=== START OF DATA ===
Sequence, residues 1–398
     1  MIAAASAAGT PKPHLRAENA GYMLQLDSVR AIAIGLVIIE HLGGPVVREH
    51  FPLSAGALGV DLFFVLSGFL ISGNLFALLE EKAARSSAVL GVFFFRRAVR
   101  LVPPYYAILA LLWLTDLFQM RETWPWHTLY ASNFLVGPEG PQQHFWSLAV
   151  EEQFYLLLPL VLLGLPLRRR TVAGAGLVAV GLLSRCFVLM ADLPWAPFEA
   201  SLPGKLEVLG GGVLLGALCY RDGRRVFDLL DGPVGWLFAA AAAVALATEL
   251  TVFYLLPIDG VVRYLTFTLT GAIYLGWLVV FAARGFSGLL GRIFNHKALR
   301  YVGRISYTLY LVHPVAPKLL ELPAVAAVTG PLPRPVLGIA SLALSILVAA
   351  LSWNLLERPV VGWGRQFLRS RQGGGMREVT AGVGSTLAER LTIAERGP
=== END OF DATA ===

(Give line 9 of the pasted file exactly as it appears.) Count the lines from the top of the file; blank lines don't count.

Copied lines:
   351  LSWNLLERPV VGWGRQFLRS RQGGGMREVT AGVGSTLAER LTIAERGP